The Feral Beast: Did Dom reach for the skive?
Playful, but with sharp claws
The Sun editor Dominic Mohan has maintained a whiter-than-white image since the hacking scandal erupted. So what to make of worrying allegations in a book by ex-News of the World journalist Graham Johnson?
In Hack, he claims Mohan, who started out as a reporter on the Screws, was once caught lying to his boss. "On surveillance jobs, it was common practice for reporters to skive," writes Johnson. "Reporters and photographers would make a pact to go home rather than spend hours and hours staring at a brass knob on a door they were supposed to be watching....
"On the odd occasion that I was late for a job, I opened the window of my bedroom, stuck my head out, and checked in with Ray on the mobile – pretending that I was on the plot somewhere....
"My colleague Dominic Mohan was turned over for this. After suspecting Dominic was blagging him from home, Ray zoomed around to Dom's flat. In his leathers, like a man on a mission. Parked up outside. Called Dominic on his mobile – and smiled as he observed Dom stick his head out of the window to answer the call. Bang to rights."
According to my records, Mohan didn't tell this anecdote in his evidence to the Leveson Inquiry, but said: "As editor, I have always been determined to foster a culture of honesty, integrity and high ethical standards at The Sun". Could the first two be the operative words?
Ecclestone flashes his cash
Also in Graham Johnson's book is an intriguing story about Bernie Ecclestone. Johnson recalls how he exposed a crook, who was trying to blackmail Formula One's Ecclestone with a made-up sex scandal smearing Bernie's wife, Slavica.
"When I got back to London, Bernie invited me round to his Knightsbridge office to thank me," he writes. "He said I was scruffy, went to his safe, and pulled out a grand in cash. I think he wanted me to buy a new suit, rather than influence me... I immediately reported the grand to the new Sunday Mirror editor Brendon Parsons.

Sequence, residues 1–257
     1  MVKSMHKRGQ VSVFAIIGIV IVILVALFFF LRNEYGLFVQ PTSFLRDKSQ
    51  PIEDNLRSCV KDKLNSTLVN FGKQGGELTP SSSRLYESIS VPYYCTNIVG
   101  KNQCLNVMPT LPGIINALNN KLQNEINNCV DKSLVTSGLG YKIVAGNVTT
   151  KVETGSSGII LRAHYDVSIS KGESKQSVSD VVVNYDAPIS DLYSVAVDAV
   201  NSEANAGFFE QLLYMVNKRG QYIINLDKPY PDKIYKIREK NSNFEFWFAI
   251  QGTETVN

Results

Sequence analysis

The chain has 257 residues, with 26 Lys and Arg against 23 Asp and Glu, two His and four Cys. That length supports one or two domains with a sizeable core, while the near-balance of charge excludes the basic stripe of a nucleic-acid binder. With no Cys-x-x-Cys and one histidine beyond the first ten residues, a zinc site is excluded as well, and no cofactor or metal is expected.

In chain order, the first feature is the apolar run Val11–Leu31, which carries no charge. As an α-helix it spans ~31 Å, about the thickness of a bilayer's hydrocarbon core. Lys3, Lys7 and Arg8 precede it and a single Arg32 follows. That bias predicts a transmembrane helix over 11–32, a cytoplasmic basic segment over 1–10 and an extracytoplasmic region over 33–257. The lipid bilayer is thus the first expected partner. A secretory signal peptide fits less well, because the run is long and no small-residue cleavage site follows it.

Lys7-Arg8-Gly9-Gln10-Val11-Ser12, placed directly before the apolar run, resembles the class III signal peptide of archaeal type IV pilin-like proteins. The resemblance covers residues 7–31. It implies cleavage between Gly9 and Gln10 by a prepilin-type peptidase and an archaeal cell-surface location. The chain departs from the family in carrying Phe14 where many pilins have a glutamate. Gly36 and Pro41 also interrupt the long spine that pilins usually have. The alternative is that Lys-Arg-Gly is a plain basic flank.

"We agreed to give it back straight away. Bernie was a bit pissed off I'd told anyone. But we remained half-mates, going out for lunch now and again."
Nimbys turn on Murdochs
Rupert Murdoch has been begging his son Lachlan to take a bigger role in the company, now that James's stock has fallen. But Lachlan has been resisting, saying he's perfectly happy in his native Australia. Now, he may want to think again, as nimbyish neighbours in Sydney have begun giving him grief over planning permission.
Lachlan and his wife Sarah recently bought the former French consulate in the upmarket Bellevue Hill area for £16m, and have submitted plans to spend a further £7m doing it up. But neighbours are horrified at their proposals, which, in addition to all the usual add-ons, include posts for armed security guards.
No doubt the young billionaire will find a way to persuade council officials these plans are necessary. After all, only last year his dad was attacked with a shaving foam pie.
From expenses to wedding list
Toppers off to Julia Goldsworthy, who got married yesterday. The ex-Lib Dem MP turned Treasury wonk wed her long-term partner Christopher Church in Cornwall.